Journal of Law and Social Policy

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English Abstract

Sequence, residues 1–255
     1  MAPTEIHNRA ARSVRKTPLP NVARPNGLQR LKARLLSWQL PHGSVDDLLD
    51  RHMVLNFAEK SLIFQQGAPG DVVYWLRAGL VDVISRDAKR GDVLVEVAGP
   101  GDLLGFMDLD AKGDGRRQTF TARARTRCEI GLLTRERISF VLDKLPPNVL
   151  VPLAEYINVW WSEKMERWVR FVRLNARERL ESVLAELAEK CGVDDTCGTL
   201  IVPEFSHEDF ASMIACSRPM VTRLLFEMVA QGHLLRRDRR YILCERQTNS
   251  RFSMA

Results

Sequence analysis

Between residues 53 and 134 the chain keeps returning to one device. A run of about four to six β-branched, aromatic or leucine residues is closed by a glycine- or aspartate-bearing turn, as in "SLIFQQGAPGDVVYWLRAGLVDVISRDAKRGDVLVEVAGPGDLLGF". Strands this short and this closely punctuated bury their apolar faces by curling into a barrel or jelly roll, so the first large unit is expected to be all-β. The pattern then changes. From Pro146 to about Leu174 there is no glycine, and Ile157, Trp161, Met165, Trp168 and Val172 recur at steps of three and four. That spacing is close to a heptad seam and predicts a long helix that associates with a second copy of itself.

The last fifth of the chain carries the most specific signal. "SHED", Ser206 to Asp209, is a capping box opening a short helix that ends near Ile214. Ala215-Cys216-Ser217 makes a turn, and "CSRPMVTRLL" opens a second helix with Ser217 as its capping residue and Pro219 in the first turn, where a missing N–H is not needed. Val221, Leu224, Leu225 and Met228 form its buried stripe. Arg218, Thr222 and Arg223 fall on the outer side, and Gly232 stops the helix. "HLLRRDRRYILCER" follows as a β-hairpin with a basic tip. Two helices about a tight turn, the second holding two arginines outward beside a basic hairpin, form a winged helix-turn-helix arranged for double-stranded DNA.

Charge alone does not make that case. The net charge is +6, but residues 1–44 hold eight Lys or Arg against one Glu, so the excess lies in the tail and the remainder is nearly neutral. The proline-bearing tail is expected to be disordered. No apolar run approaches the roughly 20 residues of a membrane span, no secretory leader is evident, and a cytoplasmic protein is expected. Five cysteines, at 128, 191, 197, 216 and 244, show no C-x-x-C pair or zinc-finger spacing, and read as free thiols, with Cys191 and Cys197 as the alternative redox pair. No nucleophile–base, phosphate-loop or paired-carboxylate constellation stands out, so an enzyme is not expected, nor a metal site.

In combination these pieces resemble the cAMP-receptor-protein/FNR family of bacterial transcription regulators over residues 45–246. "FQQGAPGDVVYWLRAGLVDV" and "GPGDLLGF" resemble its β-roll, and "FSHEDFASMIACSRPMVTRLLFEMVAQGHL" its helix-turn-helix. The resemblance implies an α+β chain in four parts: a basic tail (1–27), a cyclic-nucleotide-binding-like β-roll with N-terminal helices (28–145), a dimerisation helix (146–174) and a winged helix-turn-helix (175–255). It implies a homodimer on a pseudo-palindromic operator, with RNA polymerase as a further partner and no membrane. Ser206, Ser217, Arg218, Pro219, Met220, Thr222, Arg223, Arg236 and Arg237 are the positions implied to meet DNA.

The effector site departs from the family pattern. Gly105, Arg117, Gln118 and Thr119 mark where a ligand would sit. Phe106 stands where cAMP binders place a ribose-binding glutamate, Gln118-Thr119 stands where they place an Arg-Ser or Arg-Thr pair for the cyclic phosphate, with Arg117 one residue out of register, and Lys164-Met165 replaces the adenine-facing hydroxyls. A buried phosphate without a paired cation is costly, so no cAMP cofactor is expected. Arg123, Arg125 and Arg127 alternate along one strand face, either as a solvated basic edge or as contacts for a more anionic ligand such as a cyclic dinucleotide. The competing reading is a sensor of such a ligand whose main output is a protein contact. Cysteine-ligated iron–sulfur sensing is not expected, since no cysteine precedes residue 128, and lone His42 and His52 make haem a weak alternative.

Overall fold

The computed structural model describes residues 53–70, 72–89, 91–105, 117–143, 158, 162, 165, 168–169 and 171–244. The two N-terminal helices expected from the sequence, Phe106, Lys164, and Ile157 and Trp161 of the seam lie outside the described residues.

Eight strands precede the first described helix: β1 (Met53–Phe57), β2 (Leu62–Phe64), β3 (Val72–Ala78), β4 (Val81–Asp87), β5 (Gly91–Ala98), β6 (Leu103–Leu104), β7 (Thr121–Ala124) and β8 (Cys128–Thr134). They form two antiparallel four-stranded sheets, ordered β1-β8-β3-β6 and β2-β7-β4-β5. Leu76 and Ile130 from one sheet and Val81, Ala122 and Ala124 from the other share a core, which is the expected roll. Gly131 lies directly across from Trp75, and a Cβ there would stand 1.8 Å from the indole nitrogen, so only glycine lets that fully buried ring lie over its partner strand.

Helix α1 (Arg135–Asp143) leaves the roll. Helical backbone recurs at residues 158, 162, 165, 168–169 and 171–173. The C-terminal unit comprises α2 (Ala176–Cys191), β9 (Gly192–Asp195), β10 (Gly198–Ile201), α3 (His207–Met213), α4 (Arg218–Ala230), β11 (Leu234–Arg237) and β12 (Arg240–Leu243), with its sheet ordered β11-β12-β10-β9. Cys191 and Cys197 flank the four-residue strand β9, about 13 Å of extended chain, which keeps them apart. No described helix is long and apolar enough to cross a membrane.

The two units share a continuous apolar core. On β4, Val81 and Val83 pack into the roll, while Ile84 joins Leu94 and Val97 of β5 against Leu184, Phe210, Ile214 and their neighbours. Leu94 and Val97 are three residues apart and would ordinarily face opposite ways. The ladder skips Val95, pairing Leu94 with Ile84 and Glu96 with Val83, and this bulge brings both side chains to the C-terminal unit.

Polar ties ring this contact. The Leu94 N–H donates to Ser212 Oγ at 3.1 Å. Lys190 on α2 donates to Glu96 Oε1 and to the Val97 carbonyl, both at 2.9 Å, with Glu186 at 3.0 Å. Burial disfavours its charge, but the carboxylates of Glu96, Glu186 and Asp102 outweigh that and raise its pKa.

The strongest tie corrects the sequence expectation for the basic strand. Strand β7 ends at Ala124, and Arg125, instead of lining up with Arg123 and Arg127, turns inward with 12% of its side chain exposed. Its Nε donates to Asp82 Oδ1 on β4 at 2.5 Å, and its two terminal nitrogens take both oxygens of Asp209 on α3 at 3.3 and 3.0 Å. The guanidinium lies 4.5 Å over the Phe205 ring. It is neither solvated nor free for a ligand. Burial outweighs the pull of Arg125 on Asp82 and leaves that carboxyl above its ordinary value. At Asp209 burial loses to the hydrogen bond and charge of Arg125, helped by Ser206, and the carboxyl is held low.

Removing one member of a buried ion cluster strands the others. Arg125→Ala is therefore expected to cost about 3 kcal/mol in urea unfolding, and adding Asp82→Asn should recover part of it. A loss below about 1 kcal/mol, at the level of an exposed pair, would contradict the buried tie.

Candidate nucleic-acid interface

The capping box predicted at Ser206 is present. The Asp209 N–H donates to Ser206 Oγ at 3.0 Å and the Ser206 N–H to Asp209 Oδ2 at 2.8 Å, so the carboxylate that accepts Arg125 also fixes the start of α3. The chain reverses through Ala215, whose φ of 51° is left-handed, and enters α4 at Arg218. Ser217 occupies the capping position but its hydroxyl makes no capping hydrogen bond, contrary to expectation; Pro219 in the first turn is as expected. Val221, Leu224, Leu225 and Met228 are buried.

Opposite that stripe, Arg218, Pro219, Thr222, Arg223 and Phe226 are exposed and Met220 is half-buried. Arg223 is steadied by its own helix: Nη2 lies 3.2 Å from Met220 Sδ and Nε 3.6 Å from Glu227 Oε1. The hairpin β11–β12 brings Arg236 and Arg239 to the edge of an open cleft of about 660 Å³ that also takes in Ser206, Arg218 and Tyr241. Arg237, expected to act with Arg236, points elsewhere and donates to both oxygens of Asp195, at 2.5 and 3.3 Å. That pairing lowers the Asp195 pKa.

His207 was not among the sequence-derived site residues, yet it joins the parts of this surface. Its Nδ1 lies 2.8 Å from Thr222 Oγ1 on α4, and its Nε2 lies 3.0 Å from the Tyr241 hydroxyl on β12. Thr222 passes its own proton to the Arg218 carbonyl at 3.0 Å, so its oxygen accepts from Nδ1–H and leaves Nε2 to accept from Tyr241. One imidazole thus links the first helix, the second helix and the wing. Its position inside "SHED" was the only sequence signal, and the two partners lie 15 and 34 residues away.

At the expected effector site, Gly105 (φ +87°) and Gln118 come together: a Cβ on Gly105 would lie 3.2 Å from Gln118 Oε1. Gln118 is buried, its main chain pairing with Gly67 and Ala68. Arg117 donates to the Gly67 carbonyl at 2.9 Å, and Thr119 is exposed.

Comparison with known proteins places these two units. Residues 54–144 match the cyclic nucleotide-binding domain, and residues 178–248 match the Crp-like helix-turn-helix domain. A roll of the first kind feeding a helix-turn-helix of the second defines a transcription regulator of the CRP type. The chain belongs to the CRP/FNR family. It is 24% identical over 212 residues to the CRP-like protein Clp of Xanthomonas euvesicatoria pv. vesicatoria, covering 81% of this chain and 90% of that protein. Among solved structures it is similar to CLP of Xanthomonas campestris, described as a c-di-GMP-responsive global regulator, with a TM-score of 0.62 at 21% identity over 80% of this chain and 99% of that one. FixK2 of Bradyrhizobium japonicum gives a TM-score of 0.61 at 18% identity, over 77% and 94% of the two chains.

This review essay challenges siloed thinking about housing precarity by bringing a sociological account of emergency shelters in Ottawa, Canada–Erin Dej’s book A Complex Exile–into conversation with recent scholarship from Canadian academics on residential tenancy law.3 One intuition underlying this essay is that we need to think about these disparate legal regimes as comprising a bigger system of housing law. Bringing these areas of law into conversation with one another allows us to identify common themes and these may inform statutory reform initiatives, changes to practice, and advocacy on related social issues. Promising innovations in one area of housing law may be relevant to the regimes that govern other shelter arrangements. Looking at housing law more holistically also enables us to identify how the different regimes leave gaps, create conflicts, and otherwise prove challenging for the individuals who navigate amongst them.

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